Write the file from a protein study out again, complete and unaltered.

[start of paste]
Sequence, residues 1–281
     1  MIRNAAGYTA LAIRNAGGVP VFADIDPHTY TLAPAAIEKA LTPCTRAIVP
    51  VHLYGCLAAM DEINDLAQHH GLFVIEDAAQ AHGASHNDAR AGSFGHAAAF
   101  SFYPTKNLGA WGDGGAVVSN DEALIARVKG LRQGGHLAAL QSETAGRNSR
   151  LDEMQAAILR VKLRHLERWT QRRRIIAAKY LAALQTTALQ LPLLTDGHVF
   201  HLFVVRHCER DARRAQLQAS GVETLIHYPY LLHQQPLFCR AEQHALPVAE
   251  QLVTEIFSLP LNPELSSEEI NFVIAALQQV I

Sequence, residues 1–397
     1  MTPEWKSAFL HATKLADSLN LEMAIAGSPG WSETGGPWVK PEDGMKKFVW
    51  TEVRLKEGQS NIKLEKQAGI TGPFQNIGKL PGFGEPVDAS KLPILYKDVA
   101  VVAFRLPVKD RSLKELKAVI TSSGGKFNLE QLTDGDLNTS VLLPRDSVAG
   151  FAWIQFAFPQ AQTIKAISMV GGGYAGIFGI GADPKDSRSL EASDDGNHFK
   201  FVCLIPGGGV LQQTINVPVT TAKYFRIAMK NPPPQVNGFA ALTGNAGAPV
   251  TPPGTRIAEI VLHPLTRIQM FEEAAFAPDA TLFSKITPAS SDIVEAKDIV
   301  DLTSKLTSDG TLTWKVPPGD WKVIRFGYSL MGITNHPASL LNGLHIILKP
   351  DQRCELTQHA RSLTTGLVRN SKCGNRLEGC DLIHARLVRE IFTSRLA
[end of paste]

Sequence, residues 1–281
     1  MIRNAAGYTA LAIRNAGGVP VFADIDPHTY TLAPAAIEKA LTPCTRAIVP
    51  VHLYGCLAAM DEINDLAQHH GLFVIEDAAQ AHGASHNDAR AGSFGHAAAF
   101  SFYPTKNLGA WGDGGAVVSN DEALIARVKG LRQGGHLAAL QSETAGRNSR
   151  LDEMQAAILR VKLRHLERWT QRRRIIAAKY LAALQTTALQ LPLLTDGHVF
   201  HLFVVRHCER DARRAQLQAS GVETLIHYPY LLHQQPLFCR AEQHALPVAE
   251  QLVTEIFSLP LNPELSSEEI NFVIAALQQV I

Sequence, residues 1–397
     1  MTPEWKSAFL HATKLADSLN LEMAIAGSPG WSETGGPWVK PEDGMKKFVW
    51  TEVRLKEGQS NIKLEKQAGI TGPFQNIGKL PGFGEPVDAS KLPILYKDVA
   101  VVAFRLPVKD RSLKELKAVI TSSGGKFNLE QLTDGDLNTS VLLPRDSVAG
   151  FAWIQFAFPQ AQTIKAISMV GGGYAGIFGI GADPKDSRSL EASDDGNHFK
   201  FVCLIPGGGV LQQTINVPVT TAKYFRIAMK NPPPQVNGFA ALTGNAGAPV
   251  TPPGTRIAEI VLHPLTRIQM FEEAAFAPDA TLFSKITPAS SDIVEAKDIV
   301  DLTSKLTSDG TLTWKVPPGD WKVIRFGYSL MGITNHPASL LNGLHIILKP
   351  DQRCELTQHA RSLTTGLVRN SKCGNRLEGC DLIHARLVRE IFTSRLA